By Destiny Mitchell
Students and guests took a ‘roller coaster ride through space’ on Saturday, Jan. 14, during the first planetarium show of the spring semester.
The feature was an educational program titled “Dawn of the Space Age,” which taught about the advancements made in space technology since the Soviet Union launched Sputnik I in 1957.
The film was played on the dome of Strickler Planetarium, placing the audience in the middle of the action.
Afterward, operator Corey Holtz explained the night sky, pointing out and naming several constellations, including Ursa Major, Ursa Minor and Orion. Holtz is a senior at Olivet and has been an operator at the planetarium since the fall of 2010.
“My favorite show to operate is probably the Christmas show, “The Stars of Christmas,” he said.
Strickler was constructed in the late 1960s, around the same time that the Reed Hall of Science was built, according to Stephen Case, planetarium director and science professor. These structures were formed to emphasize science education in the days of the space race.
“We’ve been a fixture in the ONU and Bourbonnais community, educating students and the public about astronomy for over 40 years,” Case proudly said.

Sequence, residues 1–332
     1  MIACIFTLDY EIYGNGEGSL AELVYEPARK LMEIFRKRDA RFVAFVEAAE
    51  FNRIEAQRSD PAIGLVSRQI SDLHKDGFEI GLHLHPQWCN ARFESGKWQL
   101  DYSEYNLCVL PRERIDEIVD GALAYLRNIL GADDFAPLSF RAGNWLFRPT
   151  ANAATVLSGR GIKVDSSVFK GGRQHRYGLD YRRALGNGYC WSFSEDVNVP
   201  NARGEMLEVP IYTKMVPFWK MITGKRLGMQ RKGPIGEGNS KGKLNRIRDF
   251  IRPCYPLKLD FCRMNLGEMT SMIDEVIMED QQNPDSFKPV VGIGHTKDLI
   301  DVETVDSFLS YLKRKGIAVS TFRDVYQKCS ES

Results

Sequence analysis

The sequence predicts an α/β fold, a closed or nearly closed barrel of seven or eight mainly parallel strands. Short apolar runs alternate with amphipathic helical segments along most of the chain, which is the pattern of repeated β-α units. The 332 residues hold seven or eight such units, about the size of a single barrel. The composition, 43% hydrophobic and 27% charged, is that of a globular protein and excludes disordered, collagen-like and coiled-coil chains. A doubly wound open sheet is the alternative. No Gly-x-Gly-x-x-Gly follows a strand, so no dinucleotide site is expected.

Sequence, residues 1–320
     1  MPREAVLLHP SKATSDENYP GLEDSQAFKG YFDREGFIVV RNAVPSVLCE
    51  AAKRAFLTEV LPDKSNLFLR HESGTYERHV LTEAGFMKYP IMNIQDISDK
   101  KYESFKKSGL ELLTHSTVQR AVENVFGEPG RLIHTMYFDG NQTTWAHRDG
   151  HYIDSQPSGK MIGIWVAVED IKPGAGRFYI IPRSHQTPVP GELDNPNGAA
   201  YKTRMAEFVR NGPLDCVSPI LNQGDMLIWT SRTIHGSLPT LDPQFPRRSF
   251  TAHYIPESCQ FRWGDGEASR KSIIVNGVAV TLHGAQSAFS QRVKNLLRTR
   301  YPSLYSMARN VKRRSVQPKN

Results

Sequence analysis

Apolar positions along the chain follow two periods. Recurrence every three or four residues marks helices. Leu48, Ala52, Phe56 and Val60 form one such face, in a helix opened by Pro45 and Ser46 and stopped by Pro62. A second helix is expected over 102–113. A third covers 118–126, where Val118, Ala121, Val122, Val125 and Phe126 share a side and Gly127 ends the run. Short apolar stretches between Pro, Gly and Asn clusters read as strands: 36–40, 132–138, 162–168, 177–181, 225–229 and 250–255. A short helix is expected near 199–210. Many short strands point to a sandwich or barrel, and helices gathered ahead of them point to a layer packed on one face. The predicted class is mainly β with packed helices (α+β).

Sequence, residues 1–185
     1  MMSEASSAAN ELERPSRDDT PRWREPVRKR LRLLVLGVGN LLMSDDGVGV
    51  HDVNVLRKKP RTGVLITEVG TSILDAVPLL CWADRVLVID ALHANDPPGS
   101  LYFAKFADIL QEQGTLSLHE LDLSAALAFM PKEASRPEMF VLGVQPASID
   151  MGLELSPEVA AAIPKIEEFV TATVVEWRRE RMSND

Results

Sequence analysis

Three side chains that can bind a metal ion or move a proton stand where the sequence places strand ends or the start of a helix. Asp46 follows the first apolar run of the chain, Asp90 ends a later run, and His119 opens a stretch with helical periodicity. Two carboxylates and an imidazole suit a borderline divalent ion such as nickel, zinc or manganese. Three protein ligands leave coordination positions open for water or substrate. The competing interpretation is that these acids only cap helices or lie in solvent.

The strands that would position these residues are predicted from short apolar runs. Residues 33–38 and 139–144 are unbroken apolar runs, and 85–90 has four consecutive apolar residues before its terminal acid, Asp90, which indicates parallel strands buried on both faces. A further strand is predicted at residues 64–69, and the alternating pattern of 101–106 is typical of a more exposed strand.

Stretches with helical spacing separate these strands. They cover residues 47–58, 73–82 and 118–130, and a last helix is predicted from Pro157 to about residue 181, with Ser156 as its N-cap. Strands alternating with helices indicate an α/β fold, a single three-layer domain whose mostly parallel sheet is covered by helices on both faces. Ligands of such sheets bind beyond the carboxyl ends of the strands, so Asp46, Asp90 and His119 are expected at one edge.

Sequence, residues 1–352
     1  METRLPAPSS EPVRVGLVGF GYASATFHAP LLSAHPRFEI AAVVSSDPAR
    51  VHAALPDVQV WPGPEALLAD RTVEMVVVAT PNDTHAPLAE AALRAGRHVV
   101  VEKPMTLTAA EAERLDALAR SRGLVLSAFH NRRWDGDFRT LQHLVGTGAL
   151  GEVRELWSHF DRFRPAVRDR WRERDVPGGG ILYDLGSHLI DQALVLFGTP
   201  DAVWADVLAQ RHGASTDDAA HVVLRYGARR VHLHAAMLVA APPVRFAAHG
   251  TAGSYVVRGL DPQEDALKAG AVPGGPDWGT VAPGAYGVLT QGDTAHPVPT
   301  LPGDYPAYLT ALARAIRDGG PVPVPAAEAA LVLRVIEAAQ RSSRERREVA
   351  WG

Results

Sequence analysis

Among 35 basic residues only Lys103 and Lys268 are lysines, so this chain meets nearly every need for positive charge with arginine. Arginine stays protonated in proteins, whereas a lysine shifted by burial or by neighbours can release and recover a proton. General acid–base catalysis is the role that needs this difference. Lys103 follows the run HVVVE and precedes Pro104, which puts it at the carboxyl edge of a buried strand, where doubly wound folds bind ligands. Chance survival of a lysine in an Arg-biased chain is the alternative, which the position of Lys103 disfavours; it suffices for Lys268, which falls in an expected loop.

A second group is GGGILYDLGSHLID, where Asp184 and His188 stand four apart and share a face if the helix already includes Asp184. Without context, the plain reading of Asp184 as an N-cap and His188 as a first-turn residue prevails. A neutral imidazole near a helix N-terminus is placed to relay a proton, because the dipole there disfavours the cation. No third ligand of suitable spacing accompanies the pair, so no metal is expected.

The program on Jan. 14 ended with a very realistic simulation of a roller coaster ride through space. Using visual and aural stimuli, the animation gave the audience the illusion of actually being in a roller coaster cart careening down the tracks.
“It was scary!” said attendee and freshman JT Cummings.
Attendance for the 9 p.m. showing was low – only seven people.
“Low attendance is sometimes discouraging, but the [Jan. 14] show was not publicized as well as other shows,” Holtz said.
Regardless of the small audience, the program still made a significant impact on those who went.
“The show provided me with a vast new perspective of the Cold War and the race to space,” Cummings said. “I found it very interesting and really entertaining as well.”